Students need many opportunities for developing a rich vocabulary through listening, speaking, reading, and writing in an integrated manner. Vocabulary instruction should be an integral component in a daily literacy block. Integrating vocabulary instruction provides students with numerous opportunities to manipulate and learn new vocabulary words. Incorporating vocabulary instruction throughout the content areas will encourage students to make connections to new and already known information, discuss meanings of new words, and demonstrate and appropriately apply the new words, providing multiple re-exposures to the words. Encouraging students to think strategically when learning new words is essential.

Creating Strategic Readers

Right now at one of my schools in Ballarat, Canadian Lead P.S., we are working together to explore the best practice in our literacy classrooms P-6.

I am keen to share a teaching strategy that I recently shared with my colleagues at this school.

Let’s get started!

  1. To build upon the students’ vocabularies in your classroom cut out words from newspapers to achieve their learning goals.


  1. Consider the range of words you have selected before mounting the words on coloured card and laminating.

Are there words with…?

  • More than one syllable
  • Single sound letter beginnings/endings
  • Blended sound letter beginnings/endings
  • Smaller words inside the larger words
  • Double letters
  • 2, 3 or 4 vowels
  • Prefixes
  • Suffixes

In your collection are there…?

  • Nouns
  • Proper nouns
  • Verbs
  • Adjectives
  • Common words
  • Student interest words
  1. Let the fun begin! Begin your literacy lesson by exploring these words. Ask each student to select a word that they can read well.
  1. Consider the learning goals in your classroom and work with these words in a variety of ways.

Here are some teaching ideas to consider:

  • Count the number of letters in the words
  • Does your word have more, less or the same number of lessons as your name?
  • Lucky dip a letter and find a word that begins and ends with the letter
  • Count the vowels in your word
  • Identify and share the beginning or ending letter name and sound
  • Sort the words by the number of syllables
  • Find a word that begins with the same letter as your name
  • Select a word and identify the opposite
  • Sort words into nouns and proper nouns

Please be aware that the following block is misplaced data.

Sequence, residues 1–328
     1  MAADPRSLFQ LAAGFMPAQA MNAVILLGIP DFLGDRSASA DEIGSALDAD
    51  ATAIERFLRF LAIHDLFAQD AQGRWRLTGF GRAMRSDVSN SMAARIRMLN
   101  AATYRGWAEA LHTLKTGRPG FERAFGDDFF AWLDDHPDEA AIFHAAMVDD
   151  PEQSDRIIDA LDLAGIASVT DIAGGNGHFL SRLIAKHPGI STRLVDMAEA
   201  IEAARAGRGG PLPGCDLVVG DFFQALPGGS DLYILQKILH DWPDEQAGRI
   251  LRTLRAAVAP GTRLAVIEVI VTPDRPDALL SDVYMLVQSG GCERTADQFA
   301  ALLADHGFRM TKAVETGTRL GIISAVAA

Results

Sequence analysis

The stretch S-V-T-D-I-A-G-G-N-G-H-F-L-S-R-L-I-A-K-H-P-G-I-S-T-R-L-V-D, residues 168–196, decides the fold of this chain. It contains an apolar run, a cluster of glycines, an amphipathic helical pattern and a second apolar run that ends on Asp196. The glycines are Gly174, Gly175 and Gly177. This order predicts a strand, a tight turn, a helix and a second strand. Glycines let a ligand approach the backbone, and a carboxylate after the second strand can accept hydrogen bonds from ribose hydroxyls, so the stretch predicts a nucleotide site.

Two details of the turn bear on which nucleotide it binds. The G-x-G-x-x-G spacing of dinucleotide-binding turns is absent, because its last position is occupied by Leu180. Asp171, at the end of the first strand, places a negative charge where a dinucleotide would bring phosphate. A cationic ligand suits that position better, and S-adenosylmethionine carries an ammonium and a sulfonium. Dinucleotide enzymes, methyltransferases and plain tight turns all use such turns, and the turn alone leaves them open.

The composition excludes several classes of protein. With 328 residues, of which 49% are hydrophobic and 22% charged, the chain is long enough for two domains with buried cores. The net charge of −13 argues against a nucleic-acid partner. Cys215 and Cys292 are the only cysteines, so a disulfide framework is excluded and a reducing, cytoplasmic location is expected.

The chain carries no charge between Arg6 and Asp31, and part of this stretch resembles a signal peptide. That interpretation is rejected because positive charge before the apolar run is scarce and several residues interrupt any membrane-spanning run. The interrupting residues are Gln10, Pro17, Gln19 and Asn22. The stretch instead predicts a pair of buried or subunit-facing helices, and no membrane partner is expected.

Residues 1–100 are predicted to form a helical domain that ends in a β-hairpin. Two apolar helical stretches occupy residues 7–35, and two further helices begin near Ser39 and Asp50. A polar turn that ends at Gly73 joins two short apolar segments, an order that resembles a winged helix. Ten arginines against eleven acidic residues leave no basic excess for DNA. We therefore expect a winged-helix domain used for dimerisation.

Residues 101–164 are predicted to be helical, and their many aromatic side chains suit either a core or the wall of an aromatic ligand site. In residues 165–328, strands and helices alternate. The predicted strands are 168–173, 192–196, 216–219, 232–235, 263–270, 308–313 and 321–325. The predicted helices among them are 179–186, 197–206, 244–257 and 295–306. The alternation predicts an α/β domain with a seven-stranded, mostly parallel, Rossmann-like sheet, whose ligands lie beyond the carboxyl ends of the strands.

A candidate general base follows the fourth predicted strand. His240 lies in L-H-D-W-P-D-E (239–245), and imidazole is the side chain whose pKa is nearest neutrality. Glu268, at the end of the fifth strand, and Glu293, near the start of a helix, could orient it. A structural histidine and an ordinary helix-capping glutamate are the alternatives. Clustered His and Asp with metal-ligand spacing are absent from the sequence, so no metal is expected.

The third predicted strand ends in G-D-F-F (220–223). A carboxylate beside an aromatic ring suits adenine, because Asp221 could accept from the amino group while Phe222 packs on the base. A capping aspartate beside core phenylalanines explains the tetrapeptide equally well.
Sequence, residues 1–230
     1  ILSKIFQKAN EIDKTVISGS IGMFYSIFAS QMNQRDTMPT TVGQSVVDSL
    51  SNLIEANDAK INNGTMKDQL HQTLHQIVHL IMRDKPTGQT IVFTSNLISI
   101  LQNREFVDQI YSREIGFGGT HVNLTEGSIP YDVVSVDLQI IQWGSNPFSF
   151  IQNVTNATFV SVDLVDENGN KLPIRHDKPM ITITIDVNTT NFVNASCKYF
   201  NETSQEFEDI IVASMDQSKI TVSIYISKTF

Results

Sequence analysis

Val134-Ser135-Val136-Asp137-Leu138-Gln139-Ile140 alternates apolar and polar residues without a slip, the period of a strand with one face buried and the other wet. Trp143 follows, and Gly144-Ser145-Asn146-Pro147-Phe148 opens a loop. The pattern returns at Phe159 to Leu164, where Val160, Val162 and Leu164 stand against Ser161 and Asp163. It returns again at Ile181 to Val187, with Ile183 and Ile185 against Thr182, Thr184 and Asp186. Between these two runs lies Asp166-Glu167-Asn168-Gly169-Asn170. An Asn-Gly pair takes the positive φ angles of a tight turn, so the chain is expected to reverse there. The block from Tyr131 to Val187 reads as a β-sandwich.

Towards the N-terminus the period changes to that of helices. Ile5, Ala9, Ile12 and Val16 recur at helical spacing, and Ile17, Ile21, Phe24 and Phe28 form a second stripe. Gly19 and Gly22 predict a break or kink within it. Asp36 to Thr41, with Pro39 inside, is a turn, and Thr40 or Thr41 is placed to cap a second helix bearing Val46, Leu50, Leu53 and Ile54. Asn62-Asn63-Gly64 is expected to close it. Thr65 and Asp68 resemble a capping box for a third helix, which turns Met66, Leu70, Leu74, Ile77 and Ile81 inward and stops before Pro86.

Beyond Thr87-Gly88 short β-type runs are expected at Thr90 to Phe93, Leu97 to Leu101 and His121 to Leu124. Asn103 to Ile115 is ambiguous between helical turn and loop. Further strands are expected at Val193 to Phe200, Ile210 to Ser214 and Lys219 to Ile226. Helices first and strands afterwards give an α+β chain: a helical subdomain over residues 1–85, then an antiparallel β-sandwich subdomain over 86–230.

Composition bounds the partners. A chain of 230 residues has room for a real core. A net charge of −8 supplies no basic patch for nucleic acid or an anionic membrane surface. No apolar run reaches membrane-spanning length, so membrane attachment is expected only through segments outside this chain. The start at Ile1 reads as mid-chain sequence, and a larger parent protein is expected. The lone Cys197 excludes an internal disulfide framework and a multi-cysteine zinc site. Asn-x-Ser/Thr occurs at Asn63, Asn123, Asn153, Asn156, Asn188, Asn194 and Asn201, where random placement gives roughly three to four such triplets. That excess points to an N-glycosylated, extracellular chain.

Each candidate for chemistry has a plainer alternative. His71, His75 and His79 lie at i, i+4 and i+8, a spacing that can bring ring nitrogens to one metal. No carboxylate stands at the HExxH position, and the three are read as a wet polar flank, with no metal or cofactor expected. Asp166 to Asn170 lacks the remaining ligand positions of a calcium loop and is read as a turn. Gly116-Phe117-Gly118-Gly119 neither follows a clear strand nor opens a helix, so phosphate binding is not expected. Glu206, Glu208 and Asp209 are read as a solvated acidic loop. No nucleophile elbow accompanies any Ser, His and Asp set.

• Create a sizzling start for your writing using your word
  • Find the word in your just right books
  • What connections can you make with this word?

What is a highly effective teaching idea for your students?

Check out my online shop to explore more teaching strategies to build vocabulary in your classroom.

Have fun with the word wizards in your classroom,


Math Games 2

Instructional Maths Games- Engaging Mathematicians

As teachers, we are continuously reflecting on the quality of the learning experiences we plan and implement with our students.

Using instructional games to teach mathematics is a very viable and successful way to engage students to explore and understand rich mathematical concepts and to extend their mathematical reasoning.

Some background…

Math Game

In this text, The Maths Game, George Booker shares four insights into using instructional games to foster mathematics learning. I have matched each insight with a question that I use to reflect upon my own practice.

  • Games integrated into the mathematics curriculum, using consistent language, materials and symbols.

What are the underlying mathematical ideas of the game and the ways of thinking that the students are required to use?

  • Participation is active not passive.

Do all students have the opportunity to interact with the other players at each move?

  • Discussion is needed, both during and after the game, to make concepts, processes and thinking explicit.

What strategy will I implement to allow for rich discussion to make explicit the underlying mathematical ideas of the game and the ways of thinking that the students are required to use?

  • Teacher intervention is crucial in guiding discussion and helping students adopt new concepts, processes and ways of thinking as their own.

What is the instructional purpose of the game? Is the game I selected answer focussed rather than reasoning driven?

What key questions do you use to select quality mathematics games?

This week I had the pleasure to work alongside my colleagues at Nelson Park School to explore the George Booker’s insights in relation to using instructional games to teach mathematics P-12.

In the sessions we interacted with all the materials presented to play, reshape and evaluate instructional games.

Math Games 2

The game below is a classic. So let’s get started!

Shake and Make:

1) The students collect ten double sided/two coloured counters and place them in a cup.

A great alternative to the counters is lima beans that have been spray painted on one side only.

2)  The students shake and spill the counters. What combination of ten have you made?


If the students are playing in pairs, one player shakes and spills. The other player talks about the combination.

3. The students continue to take turns to shake and make!

Let’s reshape the game!

  • Change the number of counters in the cup.
  • Tens frames can be used to support students.
  • Provide a word splash of key mathematical language to support the students to share their understandings and reasoning.
  • Explore different ways for the students to present their mathematical thinking…photograph the combinations, reflection tool or make a tally.

The effective planning and teaching of math games requires some tools and resources that are available from my online store.

Have fun engaging the mathematicians in your classroom!